27. Darned HTML code. Between “Jesus Christian Freegan Reality Show Wife Swappers. Ha ha ha ha. I think I need to watch more TV.” and “And the jackals have a very important role in the whole food chain thing.” should have been a comment that said that you really should, that you’d also missed an episode about raw foodies that was even scarier.

  28. While I admire people who do this, I don’t think it’s for me. It sounds like a full time job. I’m sure there must be a huge sense of accomplishment finding food that way. I read a blog by an American living in France who does a lot of that. It’s sort of an obession in a way.

  29. Louise – Again, I don’t think it’s all freegans that feel morally superior and lecture the rest of us, just like it’s not all non-freegans who feel smug and superior. But you’re right – it’s annoying when anyone does it: adults lecturing those gosh-darned kids who don’t know how good they have it; to Jehovah Witnesses lecturing everyone about their only hope for eternal life; to exercise fanatics lecturing the couch potato; etc., etc. Live and let live would be a good motto for the most part –unless someone asks and then you can feel free to hold forth…or if you have a blog – then you can blather on at will.

    Linda – It DOES sound like a 24/7 occupation, doesn’t it? I like scrounging around for good deals on clothes and shoes and household stuff. I like clothing exchanges and yard sales and flea markets and auctions and estate sales — you never know what little treasure you can unearth. I would much rather get stuff like that in places like that than in malls or big box stores. But food? No. I like to know where my food has been and I like to be able to pick exactly what I want – not just what’s there.

  30. Helen – Well, apparantly some of them have already been on Wife Swap. So, no – an entire freegan reality show can’t be far behind.

  31. @ Friar – “Just that it annoys me how some people CAN contribute, but won’t. And how people who DO contribute are almost resented.”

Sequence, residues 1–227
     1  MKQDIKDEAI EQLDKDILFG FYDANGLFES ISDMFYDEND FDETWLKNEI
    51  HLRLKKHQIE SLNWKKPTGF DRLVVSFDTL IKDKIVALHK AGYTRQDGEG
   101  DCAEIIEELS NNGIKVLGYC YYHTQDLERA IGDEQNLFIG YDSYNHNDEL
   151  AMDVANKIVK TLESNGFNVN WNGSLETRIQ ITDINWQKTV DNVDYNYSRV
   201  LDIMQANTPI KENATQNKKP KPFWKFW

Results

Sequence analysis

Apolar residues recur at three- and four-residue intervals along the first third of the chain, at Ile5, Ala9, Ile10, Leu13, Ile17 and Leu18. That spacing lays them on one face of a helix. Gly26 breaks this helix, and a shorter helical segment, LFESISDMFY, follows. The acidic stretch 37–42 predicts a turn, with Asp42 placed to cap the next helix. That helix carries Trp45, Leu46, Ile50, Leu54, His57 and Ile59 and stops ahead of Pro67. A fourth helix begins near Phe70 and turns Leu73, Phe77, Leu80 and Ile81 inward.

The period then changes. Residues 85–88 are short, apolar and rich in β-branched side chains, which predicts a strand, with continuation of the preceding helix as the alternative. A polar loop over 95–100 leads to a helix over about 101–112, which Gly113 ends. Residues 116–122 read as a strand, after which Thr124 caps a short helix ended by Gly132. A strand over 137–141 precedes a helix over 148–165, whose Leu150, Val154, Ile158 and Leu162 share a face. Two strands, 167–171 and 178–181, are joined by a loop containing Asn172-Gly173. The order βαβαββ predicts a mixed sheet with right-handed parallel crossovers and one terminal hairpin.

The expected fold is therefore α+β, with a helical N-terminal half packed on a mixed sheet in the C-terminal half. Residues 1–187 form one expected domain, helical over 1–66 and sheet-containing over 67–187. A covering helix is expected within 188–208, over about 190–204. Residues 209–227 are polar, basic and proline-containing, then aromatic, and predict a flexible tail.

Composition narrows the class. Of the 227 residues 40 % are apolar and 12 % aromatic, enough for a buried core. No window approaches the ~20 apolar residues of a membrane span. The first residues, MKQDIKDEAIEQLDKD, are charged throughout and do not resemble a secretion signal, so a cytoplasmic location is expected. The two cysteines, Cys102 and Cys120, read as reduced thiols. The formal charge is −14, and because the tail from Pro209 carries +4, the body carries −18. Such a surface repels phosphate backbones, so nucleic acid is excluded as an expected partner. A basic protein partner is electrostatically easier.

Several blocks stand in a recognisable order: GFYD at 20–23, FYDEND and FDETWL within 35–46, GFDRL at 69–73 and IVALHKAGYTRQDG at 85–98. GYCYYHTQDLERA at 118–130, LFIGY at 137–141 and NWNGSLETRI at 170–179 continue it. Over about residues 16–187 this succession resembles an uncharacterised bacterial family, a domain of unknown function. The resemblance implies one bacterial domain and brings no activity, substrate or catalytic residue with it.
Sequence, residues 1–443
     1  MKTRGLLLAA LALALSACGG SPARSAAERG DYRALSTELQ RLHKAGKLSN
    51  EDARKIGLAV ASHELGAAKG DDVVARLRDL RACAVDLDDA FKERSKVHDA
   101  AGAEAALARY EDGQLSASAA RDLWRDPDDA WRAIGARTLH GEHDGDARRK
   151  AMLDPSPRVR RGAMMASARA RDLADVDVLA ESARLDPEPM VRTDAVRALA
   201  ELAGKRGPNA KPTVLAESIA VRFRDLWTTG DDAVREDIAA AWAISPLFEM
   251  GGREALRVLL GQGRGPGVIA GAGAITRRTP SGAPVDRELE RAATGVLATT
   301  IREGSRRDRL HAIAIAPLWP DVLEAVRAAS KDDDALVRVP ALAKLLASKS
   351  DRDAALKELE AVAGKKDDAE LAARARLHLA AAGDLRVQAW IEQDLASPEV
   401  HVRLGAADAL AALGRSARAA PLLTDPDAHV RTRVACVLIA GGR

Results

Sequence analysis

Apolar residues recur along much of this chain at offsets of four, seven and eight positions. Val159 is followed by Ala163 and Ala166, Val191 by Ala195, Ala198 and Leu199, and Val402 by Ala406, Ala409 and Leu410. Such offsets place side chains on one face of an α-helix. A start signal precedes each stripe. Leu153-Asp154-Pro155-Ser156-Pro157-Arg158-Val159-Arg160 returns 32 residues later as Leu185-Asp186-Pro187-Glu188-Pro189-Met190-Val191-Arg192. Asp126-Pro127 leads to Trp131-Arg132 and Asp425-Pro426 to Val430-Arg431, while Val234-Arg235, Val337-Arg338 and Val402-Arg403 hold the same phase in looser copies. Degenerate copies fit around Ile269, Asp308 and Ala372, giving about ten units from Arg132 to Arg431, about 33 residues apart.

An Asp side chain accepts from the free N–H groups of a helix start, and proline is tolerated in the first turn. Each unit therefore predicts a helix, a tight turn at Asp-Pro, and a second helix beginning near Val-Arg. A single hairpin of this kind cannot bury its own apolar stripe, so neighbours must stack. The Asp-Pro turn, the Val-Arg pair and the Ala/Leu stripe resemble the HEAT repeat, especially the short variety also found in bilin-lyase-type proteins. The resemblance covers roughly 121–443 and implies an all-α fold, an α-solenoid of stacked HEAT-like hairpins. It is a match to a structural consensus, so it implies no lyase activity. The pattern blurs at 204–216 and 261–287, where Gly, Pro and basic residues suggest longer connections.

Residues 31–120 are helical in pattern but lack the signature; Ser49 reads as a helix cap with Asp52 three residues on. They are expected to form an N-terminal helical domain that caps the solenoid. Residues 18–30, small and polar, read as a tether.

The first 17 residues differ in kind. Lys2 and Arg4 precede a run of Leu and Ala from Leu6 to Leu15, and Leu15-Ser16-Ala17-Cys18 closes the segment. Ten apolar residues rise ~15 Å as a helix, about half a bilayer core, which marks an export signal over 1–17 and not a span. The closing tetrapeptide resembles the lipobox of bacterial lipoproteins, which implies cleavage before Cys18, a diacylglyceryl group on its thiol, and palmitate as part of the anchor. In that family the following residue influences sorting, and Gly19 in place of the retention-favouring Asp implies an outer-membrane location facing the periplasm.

I’m not sure what you mean here. ‘CAN contribute’ … what, exactly?

    The backlash resentment you’re referring to (freegan’s disdain for wastefulness) doesn’t carry the same weight as resentment of the freegans’ way of life – or of any other alternatives to our consumer-and-tax based system. However irritating some of them may be in the way they express it, freegans are *responding to* criticism they experience for the differences they express in operating outside that structure, not originating a conflict: Being the ‘contributing member of society’ is seen as morally superior in the popular view, just like being thin is fashionable and favored, and being male and/or white conveys advantages that being fat, female/gay/transgendered or of any color other than white cannot. People who are in an unfavored group often bitch among themselves about the hostility they encounter, and I try not to engage in it myself, but it’s understandable.

    In other words, while resentment these freegans express is not attractive, pretending the disfavor is equal isn’t honest. Knowing nothing else about us other than our employment status, one of us will be favored socially over the other. Let that sink in for a minute. *Knowing nothing else about us* it is assumed that the person with a job is considered superior to the person who hasn’t one. Unless you find yourself at a freegan dinner/campout, in which case you’d be in a rare situation where you were the minority.

    When people object to being seen as ‘less than’ for being unable/unwiling to contribute to what is essentially an unjust and broken system, it’s backlash against constant criticism. It’s important to remember that. It doesn’t mean we’re not contributing. We are contributing, according to values that are important to us rather than values that are important in a consumer-driven class-war model of profiteering.

  32. Hallie – Well said. The funny thing is that reading Friar’s blog, he should be the last person to be defending the established order. Here’s a guy who loves being “one” with nature – fishing, canoeing, hiking, etc., and he hates his job with a passion so strong that he’s willing to give up his lovely rural home and move to the city just so he doesn’t have to work at this soul-sucking place anymore. Everything he says about his workplace is exactly why some people have opted out of that freakshow. I’m really surprised he’s been defending it.

  33. Pingback: imagine « pure drivel

  34. @XUP- a little bitterness can go a surprisingly long way. HAY FRIAR YOU’RE JUST JEALOUS HA HA WE NON-CONTRIBUTORS ARE LAFFIN’ AT U